The State Department said it was aware of an American who’d been abducted in Afghanistan and that the “welfare, safety and security of Americans is the Trump Administration’s highest priority."
A former U.S. national security official who is advising the Frerichs family said he specifically urged Washington peace envoy Zalmay Khalilzad to resolve the situation and bring Frerichs home. The former national security official insisted on anonymity to speak candidly since the official works with the Trump administration.
U.S. officials believe Frerichs, 57, of Lombard, Illinois, was held for at least some time in Khost, an eastern province along the border with Pakistan and its so-called tribal regions, a mountainous area that has historically been a haven for Taliban and al-Qaeda militants.
The former national security official said that Frerichs has been in Afghanistan for about a decade working on commercial projects and was not a U.S. government contractor.
Though no formal demands are known to have been made, U.S. intelligence officials believe Frerichs was captured by members of the Haqqani network, a militant group that is aligned with the Taliban in Afghanistan and that was designated as a foreign terrorist organization in 2012.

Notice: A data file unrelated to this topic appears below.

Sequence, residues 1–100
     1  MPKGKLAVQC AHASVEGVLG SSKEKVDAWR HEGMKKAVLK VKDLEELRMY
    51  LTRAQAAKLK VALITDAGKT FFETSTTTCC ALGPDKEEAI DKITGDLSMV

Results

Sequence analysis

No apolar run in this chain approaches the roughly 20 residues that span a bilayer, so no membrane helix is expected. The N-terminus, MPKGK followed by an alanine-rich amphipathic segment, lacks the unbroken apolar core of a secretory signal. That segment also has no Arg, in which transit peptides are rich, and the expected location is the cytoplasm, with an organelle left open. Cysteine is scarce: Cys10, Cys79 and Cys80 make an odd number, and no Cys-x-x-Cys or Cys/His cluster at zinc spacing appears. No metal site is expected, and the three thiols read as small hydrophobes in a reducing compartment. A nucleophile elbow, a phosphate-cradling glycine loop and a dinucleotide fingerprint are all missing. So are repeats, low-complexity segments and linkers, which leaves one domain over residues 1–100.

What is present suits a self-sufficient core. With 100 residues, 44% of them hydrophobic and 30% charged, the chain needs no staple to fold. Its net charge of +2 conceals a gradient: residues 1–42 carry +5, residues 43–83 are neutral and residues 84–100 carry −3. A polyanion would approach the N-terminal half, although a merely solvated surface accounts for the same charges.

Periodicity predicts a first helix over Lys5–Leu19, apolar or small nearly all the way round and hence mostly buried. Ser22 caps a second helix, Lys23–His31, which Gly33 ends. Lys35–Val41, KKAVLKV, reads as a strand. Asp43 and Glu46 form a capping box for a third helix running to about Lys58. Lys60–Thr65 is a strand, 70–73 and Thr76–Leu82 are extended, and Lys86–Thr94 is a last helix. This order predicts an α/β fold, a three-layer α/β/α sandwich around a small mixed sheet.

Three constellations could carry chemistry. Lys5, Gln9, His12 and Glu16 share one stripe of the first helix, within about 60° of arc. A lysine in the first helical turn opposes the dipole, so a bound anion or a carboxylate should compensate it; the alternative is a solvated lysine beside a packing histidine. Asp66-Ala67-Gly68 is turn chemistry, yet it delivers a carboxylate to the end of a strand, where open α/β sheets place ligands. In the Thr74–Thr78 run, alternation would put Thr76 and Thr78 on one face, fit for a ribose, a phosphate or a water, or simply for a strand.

Though the Haqqanis are known to carry out assassinations and kidnappings for ransom, Taliban leadership has not acknowledged Frerichs’ capture.
Rep. Michael Waltz, a Florida Republican and Army veteran who led the teams that searched for Bowe Bergdahl after the Army soldier abandoned his post and wound up captured by the Taliban, said the Taliban frequently hides American hostages until they can move them over the border into Pakistan.
He said he had “real concerns about suggestions that the Taliban are serious about peace."
The SEALs involved in the Frerichs effort had spent late January working to recover the bodies of two American service members who died when their aircraft crash-landed in Ghazni in central Afghanistan, according to the senior U.S. government official.
The bitter winter weather that limited overhead surveillance of the airplane wreckage by U.S. military drones also worked against officials during the later SEAL operation on the night of Feb. 3. Periods of poor-to-nonexistent visibility ultimately delayed a planned intelligence-gathering operation on a known Taliban location, said the senior U.S. government official.